Wednesday, January 11, 2012

Huck Finn #2

            In Adventures of Huckleberry Finn, by Mark Twain, one of the most apparent relationships so far is the one of Jim and Huck.  Throughout the first part of the book the bond between Jim and Huck is a father-son relationship.  Huck has lived a very confusing life without knowing who he really is.  This starts with his a lack of family and because of the absence of a real family he needs someone to guide him.  Although Widow Douglas has been really trying to devote herself to make Huck into a fine young boy, Huck was never happy.  He seems to be much happier in nature, and since Jim and Huck started their journey together at the island Huck feels more relaxed around Jim.  As soon as he feels the absence of his “father” and gets the idea that Jim could be in trouble he does not like it.  “I had got uneasy I couldn’t set still” (Twain 64).  Huck is afraid of losing Jim, which is also unusual because at the time Jim being an African-American and Huck liking him so much and treating him like his own father was crazy.  Huck needs Jim, although he may not know, but Jim needs Huck so he does not look like a runaway slave and even for a friendship.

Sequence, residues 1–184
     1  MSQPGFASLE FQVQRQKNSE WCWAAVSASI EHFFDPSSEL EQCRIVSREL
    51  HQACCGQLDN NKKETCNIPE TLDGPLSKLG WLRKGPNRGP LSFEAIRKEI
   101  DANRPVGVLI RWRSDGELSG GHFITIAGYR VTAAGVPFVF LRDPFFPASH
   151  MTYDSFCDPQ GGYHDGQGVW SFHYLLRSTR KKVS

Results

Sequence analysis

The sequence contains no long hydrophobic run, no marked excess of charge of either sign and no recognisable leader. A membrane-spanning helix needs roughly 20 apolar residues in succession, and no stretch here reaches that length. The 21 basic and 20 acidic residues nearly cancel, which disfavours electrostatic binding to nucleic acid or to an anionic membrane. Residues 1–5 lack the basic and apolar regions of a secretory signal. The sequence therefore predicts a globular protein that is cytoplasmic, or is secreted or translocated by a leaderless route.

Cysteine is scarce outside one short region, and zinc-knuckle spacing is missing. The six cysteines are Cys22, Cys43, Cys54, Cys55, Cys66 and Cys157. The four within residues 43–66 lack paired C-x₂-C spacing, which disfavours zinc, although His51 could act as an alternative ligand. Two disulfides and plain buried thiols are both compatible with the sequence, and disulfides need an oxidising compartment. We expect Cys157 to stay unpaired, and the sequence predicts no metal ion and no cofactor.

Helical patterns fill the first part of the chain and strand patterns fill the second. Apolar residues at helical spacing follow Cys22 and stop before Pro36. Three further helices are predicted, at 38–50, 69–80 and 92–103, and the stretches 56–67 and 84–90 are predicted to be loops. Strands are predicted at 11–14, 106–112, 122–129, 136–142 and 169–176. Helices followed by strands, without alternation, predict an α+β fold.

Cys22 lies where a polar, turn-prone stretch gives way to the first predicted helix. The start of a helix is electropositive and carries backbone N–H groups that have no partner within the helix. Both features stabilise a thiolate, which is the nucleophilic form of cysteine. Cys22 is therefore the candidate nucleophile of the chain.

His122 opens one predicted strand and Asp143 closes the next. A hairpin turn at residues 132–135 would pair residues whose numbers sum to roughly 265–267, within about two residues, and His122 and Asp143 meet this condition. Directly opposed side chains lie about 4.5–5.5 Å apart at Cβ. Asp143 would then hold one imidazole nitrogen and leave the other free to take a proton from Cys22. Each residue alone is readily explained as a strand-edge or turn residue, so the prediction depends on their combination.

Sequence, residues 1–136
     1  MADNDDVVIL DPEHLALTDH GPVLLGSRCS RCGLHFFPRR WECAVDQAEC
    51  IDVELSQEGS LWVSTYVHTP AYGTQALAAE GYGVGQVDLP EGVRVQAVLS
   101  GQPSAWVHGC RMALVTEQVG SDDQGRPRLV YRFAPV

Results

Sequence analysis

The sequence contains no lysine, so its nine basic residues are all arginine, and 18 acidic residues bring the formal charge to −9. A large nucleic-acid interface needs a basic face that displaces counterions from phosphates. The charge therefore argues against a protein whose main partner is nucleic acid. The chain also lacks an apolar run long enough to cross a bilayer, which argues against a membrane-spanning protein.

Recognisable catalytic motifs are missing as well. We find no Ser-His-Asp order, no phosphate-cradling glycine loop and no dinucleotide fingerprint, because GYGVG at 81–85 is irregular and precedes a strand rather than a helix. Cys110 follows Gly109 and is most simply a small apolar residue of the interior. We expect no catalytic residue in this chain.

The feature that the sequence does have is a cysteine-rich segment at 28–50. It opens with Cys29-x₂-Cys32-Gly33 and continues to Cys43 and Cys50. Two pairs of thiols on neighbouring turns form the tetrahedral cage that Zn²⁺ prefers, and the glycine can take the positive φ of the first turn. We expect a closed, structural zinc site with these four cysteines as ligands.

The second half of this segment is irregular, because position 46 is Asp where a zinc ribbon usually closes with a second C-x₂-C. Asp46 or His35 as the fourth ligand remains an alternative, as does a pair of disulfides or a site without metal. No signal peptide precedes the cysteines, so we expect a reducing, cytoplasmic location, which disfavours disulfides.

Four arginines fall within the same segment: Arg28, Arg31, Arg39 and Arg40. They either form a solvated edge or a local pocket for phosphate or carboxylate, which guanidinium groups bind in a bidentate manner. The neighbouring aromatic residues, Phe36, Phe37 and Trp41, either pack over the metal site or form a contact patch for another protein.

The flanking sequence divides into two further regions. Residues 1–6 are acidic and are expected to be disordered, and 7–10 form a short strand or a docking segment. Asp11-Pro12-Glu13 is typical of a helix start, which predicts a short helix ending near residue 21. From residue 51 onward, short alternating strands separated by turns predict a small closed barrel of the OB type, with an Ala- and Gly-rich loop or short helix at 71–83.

Jim is an uneducated runaway slave and Huck does not know how much power and control he has over him.  Jim ultimately needs Huck for the sake of looking like he has not escaped, but it is a deeper matter in which Jim needs Huck.  When he thinks that Huck is in danger, but then Huck comes back he is very grateful.  “It’s too good for true, honey, it’s too good for true.  Lemme look at you chile, lemme feel o’you. No, you ain’ dead” (87)!  At first it seems that Jim is glad to know Huck is ok for sake of his own protection, but his father characteristics come out and he is in awe and joy to know that Huck is ok.  This is exactly what a father would be thinking to know that his son is not harmed.  Jim and Huck’s relationship

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